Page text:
Ha-Sho-Be Golf helps tribes develop a presence in the golf industry

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DULUTH, Minn. - A group of professionals linked to golf became very excited by what they were seeing in Indian country - a second wave of entertainment investment that was going to create ''destinations'' for visitors with activities beyond lodging and gaming. Many of those destinations would include golf courses.

For the nine people who would make up the management team of Ha-Sho-Be Golf - all members of various tribal nations - this expansion of a recreation and lifestyle that they loved would make opportunities for both their individual communities or for Indian country at large.

But with the opportunities might come a danger.

''I think that there are non-Native management companies that are aware of the resources that casino gaming has given to tribes and they know that tribes do not have a lot of expertise or knowledge of golf. The opportunity is there to inflate prices and fees,'' said Steve McDonald, Prairie Band Potawatomi Nation member and company president.

The professionals behind Ha-Sho-Be Golf saw a way to help tribes develop golf without that danger. In October 2006, they launched their 100 percent Indian-owned comprehensive golf management company.

''We want to give tribes the fair prices,'' McDonald said. ''Ha-Sho-Be Golf serves as a watchdog.''

''There are a couple of things that excite me about being a part of an all-Native golf management team and the concept of Ha-Sho-Be Golf,'' said Paul Hooser of the Choctaw Nation of Oklahoma and director of golf course management for the western division of the company.

''The first and foremost is the opportunity to work with tribes to provide golf to be played and a career path possibility for tribal members. The second is the development of other business to build on the gaming industry. ... Golf is a perfect add-on and moves the tribes into the resort and vacation destination industry.''

The fledgling company, named for ''sun'' in the Seminole language, is just initiating discussions with its first potential major client. But the experience of the managers in the golf business is extensive and the territory covered by the management team's home affiliations is vast. This is why the company has two home bases: one in Hollywood, Fla., and one in Walpole Island, Ontario.

Tribal affiliations of the team members include the Seminole Tribe of Florida; the Choctaw Nation of Oklahoma; the Eastern Band of Cherokee; Prairie Band Potawatomi Nation; Mississippi Band of Choctaw Indians; Ojibwa; Delaware of Walpole Island First Nation; and Klamath-Modoc.

Golf experience among the team has an equally large span - from professional players to those with experience in course design and management with a total of eight decades in the golf business.

The lone woman on the team, Cheryl Mitchell is director of tribal and corporate relations for Ha-Sho-Be Golf and is North America's first Native woman golf professional. She is Potawatomi, Ojibwa and Delaware of Walpole Island First Nation. Mitchell sees a positive future for the company and the communities.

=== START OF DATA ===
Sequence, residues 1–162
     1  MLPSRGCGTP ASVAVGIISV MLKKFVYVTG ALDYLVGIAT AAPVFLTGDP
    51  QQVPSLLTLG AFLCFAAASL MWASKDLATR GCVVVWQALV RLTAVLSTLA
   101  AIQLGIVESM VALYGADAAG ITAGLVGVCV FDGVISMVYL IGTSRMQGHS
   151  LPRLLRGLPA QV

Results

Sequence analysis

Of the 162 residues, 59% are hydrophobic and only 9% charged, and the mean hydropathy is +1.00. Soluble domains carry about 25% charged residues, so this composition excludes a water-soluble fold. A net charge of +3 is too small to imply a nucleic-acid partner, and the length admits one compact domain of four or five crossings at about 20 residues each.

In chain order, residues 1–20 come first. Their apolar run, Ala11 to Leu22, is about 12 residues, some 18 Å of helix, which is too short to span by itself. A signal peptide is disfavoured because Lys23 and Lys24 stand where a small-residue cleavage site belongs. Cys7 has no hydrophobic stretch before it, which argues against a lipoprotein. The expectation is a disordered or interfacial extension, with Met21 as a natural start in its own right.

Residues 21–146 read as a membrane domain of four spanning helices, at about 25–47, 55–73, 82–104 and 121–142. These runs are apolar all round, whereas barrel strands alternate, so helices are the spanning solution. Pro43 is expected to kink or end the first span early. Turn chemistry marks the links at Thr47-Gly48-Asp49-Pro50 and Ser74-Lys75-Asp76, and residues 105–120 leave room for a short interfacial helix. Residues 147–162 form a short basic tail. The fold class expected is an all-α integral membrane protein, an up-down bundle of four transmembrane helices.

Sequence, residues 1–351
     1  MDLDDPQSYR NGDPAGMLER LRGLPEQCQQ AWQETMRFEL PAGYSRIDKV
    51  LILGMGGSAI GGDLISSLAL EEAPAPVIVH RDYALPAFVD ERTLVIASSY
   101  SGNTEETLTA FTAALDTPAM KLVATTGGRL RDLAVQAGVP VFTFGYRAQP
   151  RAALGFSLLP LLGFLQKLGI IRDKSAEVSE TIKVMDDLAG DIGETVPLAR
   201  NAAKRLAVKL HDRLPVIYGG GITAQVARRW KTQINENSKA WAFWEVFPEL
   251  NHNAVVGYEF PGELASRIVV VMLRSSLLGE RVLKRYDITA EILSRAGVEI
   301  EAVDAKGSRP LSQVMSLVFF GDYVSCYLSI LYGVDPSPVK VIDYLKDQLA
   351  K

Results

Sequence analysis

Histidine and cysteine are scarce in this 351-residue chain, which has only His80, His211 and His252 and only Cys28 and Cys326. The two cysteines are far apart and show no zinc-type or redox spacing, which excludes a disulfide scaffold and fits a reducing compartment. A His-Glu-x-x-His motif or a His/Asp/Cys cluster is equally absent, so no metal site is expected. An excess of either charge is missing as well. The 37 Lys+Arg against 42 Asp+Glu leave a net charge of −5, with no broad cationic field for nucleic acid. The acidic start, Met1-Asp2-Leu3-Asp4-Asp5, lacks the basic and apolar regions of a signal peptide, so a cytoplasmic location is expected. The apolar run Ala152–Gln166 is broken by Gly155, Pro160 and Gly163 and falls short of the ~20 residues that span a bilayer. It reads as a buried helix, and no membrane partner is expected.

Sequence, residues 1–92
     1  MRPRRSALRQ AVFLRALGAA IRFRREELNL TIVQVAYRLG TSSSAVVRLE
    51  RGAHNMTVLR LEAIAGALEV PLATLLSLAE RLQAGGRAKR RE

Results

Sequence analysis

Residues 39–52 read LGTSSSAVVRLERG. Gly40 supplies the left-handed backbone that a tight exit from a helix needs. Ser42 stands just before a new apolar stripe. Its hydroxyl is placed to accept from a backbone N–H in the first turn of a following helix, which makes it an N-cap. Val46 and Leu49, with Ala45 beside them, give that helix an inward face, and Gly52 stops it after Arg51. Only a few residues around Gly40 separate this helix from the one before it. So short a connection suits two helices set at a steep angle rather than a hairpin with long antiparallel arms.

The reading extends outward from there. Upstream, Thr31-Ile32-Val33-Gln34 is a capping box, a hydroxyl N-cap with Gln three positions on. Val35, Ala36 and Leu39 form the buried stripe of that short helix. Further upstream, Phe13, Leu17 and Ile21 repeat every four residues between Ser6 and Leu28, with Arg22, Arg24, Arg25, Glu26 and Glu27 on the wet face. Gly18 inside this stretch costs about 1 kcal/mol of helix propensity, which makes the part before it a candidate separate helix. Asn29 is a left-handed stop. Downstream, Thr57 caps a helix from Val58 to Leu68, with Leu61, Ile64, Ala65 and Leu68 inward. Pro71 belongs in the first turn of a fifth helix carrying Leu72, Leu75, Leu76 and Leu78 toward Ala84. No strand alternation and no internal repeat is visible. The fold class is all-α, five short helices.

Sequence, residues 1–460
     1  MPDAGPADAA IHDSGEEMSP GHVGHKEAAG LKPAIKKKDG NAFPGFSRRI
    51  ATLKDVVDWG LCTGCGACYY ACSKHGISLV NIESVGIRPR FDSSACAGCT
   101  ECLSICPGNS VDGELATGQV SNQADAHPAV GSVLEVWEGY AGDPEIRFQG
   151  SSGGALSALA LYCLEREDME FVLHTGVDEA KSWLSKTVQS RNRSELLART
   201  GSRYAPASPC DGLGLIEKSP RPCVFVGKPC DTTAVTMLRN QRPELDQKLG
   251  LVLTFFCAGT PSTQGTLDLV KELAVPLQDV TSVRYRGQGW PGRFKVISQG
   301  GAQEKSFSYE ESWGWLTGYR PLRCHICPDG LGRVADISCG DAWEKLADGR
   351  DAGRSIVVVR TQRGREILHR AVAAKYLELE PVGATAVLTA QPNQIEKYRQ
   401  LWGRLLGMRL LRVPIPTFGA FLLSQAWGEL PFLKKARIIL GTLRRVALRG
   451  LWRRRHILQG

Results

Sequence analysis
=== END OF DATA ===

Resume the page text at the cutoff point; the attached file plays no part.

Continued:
''Ha-Sho-Be Golf will foster the growth of our Native people by training them in the golf industry and instilling in them the belief that they can achieve by doing.''

The wide range of experience gives this new company confidence in offering all-encompassing services from golf course concept to assessment, creation, final management and, ultimately, the goal of Ha-Sho-Be Golf.

''We want to, as a management group, after three years step away and hand the facility over to the tribe so that they can truly be a sovereign nation,'' McDonald said. ''The key that Ha-Sho-Be Golf is all about is the training of those particular members of that tribe, four to five tribal members who show a passion for golf and are interested in the management.''

Some of what the golf management company will offer is an honest assessment of whether a course is a good investment for a tribe, assessing both the financial and environmental possibilities and problems.

''One of the main factors [for golf courses] is the compatibility to the land and the environment,'' McDonald said. ''We're not only environmentally sensitive, we're tradition-sensitive as well.''

The team

Ha-Sho-Be Golf's management team, taken from the Web site, are shown alphabetically. Full biographies and company contacts are available at www.hashobegolf.com.

*Paul Hooser, Choctaw Nation of Oklahoma, director of golf course management, western division.

*Donavon Maney, Eastern Band of Cherokee, director of construction and design.

*Steve McDonald, Prairie Band Potawatomi Nation, company president and president of acquisitions and sales.

*Demando Mingo, Mississippi Band of Choctaw Indians, director of golf course management, eastern division.

*Cheryl Mitchell, Potawatomi, Ojibwa and Delaware of Walpole Island First Nation, director of tribal and corporate relations.

*Marcellus Osceola, Seminole Tribe of Florida, company treasurer and director

of finance.

*Mitch Osceola, Seminole Tribe of Florida, company vice president and president of golf course management.

*Jayson Ray, Klamath-Modoc, company secretary and president of construction and design.

*Steve Tooshkenig, Potawatomi, Ojibwa and Delaware of Walpole Island First Nation, director of tribal and public relations, Chippewa Delaware.